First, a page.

His last entry came at 6:30 AM. “Slight bleeding is now going on in the bowels, with frequent irritation at the anus,” he wrote. “Mouth and nose continuing to bleed, not excessively.” By lunchtime, he’d called his wife in a panic. When the doctors found him, he was in a sweat, unable to answer anything they asked. He was pronounced dead at 3:00 PM.
7 Death By Tuberculosis
Science fiction writer H.G. Wells nearly died in the late 1800s when he was young. He had consumption, today known as tuberculosis. No one expected him to survive.
It struck him during a game of football. “There was a vast pain in my side. My courage failed me. I couldn’t run. I couldn’t kick,” he wrote. Wells excused himself and went inside. “In the house, I was violently sick. I went to lie down. Then I was moved to urinate and found myself staring at a chamber pot half full of scarlet blood. That was the most dismaying moment in my life. I did not know what to do. I lay down again and waited for someone to come.”
Later, the doctor told Wells that he had, at most, six months to live. Wells kept going to school while the illness ate away at his body. But at night, he had to deal with the thought of his imminent death.
“In my bones, I disliked the idea of dying,” Wells wrote. “I was exasperated not to have become famous, not to have seen the world.” Worse, though, were the unfulfilled sexual urges of a young, dying boy. “Still more deeply exasperated was I at the nets of restraint about me that threatened I should die a virgin.” He felt an uncontrollable rage against women for not sleeping with him.
The fear of nonexistence frightened him the most. “Though I disbelieved intellectually in immortality, I found it impossible to imagine myself nonexistent,” he wrote. “I had a nightmare sense of the approach of this conscious nothingness.”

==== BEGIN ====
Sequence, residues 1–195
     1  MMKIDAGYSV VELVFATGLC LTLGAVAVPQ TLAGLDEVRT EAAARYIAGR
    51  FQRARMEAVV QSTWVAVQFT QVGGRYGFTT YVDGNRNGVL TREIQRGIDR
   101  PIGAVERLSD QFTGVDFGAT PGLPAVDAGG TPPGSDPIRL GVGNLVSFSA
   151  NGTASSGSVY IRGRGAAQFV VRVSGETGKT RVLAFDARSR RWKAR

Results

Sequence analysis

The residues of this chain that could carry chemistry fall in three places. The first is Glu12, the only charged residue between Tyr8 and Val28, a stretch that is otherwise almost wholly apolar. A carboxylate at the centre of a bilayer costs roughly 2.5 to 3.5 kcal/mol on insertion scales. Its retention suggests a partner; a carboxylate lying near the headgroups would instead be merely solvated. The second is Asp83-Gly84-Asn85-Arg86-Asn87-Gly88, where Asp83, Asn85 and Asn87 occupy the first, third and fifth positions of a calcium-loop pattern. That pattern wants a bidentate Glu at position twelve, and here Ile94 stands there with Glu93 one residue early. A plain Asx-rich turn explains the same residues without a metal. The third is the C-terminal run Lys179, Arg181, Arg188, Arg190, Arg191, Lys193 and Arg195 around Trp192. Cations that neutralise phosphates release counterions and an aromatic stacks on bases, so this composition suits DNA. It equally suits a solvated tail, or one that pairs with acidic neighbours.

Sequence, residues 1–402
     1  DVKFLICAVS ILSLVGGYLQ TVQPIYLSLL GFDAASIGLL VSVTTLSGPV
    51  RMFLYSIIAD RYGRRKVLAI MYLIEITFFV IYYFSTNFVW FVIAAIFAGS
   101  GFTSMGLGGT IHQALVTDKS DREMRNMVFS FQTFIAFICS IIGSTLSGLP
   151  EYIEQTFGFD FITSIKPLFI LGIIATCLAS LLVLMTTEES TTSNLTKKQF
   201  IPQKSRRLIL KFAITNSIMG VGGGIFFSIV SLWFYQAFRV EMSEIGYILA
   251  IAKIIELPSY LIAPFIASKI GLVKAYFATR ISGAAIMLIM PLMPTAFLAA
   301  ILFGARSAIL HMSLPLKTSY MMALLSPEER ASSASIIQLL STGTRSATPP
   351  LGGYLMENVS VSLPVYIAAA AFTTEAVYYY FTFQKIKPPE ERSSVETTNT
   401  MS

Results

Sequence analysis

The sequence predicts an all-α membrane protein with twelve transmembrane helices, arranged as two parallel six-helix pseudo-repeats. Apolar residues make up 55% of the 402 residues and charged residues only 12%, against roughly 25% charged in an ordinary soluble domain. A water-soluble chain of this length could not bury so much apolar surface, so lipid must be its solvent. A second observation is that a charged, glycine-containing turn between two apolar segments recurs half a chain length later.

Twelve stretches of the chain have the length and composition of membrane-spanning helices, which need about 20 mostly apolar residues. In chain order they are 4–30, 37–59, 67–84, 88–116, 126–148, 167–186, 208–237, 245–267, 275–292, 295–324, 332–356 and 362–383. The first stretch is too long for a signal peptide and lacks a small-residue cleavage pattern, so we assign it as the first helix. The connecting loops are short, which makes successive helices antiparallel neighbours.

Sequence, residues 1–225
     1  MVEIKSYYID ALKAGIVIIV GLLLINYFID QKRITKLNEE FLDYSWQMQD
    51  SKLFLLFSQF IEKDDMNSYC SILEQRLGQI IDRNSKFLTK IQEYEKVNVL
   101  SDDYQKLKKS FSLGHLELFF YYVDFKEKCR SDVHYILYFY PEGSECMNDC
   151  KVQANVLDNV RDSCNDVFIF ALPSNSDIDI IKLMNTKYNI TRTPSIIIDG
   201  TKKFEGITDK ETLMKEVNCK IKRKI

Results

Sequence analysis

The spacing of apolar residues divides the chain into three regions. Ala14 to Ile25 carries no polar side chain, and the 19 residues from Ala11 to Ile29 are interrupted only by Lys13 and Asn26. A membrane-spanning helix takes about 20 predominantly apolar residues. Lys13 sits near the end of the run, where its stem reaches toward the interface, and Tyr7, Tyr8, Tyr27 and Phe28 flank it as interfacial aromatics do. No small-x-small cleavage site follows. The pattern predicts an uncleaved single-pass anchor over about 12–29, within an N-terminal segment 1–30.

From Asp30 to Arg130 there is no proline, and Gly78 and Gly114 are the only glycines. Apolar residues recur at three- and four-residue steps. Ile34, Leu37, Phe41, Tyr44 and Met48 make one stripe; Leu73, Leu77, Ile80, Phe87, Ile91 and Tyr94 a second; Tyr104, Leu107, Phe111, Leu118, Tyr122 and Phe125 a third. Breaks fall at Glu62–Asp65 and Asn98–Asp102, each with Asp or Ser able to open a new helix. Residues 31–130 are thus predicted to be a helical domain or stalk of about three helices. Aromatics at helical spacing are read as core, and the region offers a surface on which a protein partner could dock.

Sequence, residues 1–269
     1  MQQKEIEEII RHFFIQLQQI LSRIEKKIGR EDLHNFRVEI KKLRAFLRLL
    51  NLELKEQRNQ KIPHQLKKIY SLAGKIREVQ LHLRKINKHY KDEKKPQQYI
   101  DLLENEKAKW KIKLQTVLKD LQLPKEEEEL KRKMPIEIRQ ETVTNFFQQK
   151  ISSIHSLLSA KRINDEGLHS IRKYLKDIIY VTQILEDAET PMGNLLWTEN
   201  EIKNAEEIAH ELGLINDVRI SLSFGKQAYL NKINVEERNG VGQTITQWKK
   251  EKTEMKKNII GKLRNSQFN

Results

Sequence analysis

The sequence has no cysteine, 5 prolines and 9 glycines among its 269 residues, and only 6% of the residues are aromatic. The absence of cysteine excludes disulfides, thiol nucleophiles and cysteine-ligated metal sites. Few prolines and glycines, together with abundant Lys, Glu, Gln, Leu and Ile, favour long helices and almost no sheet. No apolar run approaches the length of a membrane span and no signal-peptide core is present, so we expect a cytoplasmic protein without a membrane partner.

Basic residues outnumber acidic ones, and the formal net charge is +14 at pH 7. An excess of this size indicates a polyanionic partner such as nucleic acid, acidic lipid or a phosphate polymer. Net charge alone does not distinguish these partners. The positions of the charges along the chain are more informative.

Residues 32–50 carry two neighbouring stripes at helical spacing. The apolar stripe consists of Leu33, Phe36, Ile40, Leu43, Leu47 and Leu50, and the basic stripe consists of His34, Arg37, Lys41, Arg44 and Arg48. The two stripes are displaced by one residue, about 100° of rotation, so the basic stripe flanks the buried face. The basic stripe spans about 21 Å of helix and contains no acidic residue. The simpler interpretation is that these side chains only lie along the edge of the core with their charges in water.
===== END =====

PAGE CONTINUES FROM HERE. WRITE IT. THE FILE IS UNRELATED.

Wells, of course, survived. His body fought off the sickness. His fear of disappearing into nothingness, though, changed his life. This was the moment that sparked his resolve to make his mark as a writer.
6 Death By Poisonous Gas
In 2013, Syrian rebel Kassem Eid was in Damascus when it was hit by sarin gas. He heard a rocket hit the ground, but it didn’t explode like he’d expected. Instead, gas started spilling out.
“It just took seconds before I lost my ability to breathe,” Eid said. “I felt like my chest was set on fire. My eyes were burning like hell. I wasn’t able even to scream or to do anything.”
He started pounding his chest, trying to force himself to breathe. “It was so painful,” he said. “It felt like somebody was tearing up my chest with a knife made of fire.”
His neighbor knocked on his door, begging for help. Her children were dying, vomiting some white substance out of their mouths. She and most of the others around didn’t make it out alive. “I watched hundreds of people die, suffocate. My heart practically stopped. And I was placed with the dead bodies.”
Eid was pulled out of the body pile when he managed to make a sign of life. He survived but went through hell getting there. “Dying this way,” he said afterward, “is one of the most ugliest ways of death people ever knew through history.”
5 Visions Of Heaven
“It was wonderful,” Anita Moorjani said about her experience with death in 2006. She was dying of cancer with no hope of survival when she slipped into a coma. Moorjani, though, believes that it was something more—that she actually passed over to the other side.
“It is difficult to describe,” Moorjani said. “It was like I left my body and my consciousness had expanded, and I was everywhere, in a godlike state where I could see my loved ones and feel the presence of other souls.”
“When I went into this other dimension, I felt an overwhelming sense of love and peace. I felt no pain. I found out my purpose in life and what I must do. I realized that the solution to my cancer was always within me.”
After she came out of it, her body went through a miraculous recovery. Within four days, 70 percent of her cancer was gone. Within five weeks, she was completely healed.
4 Visions Of Hell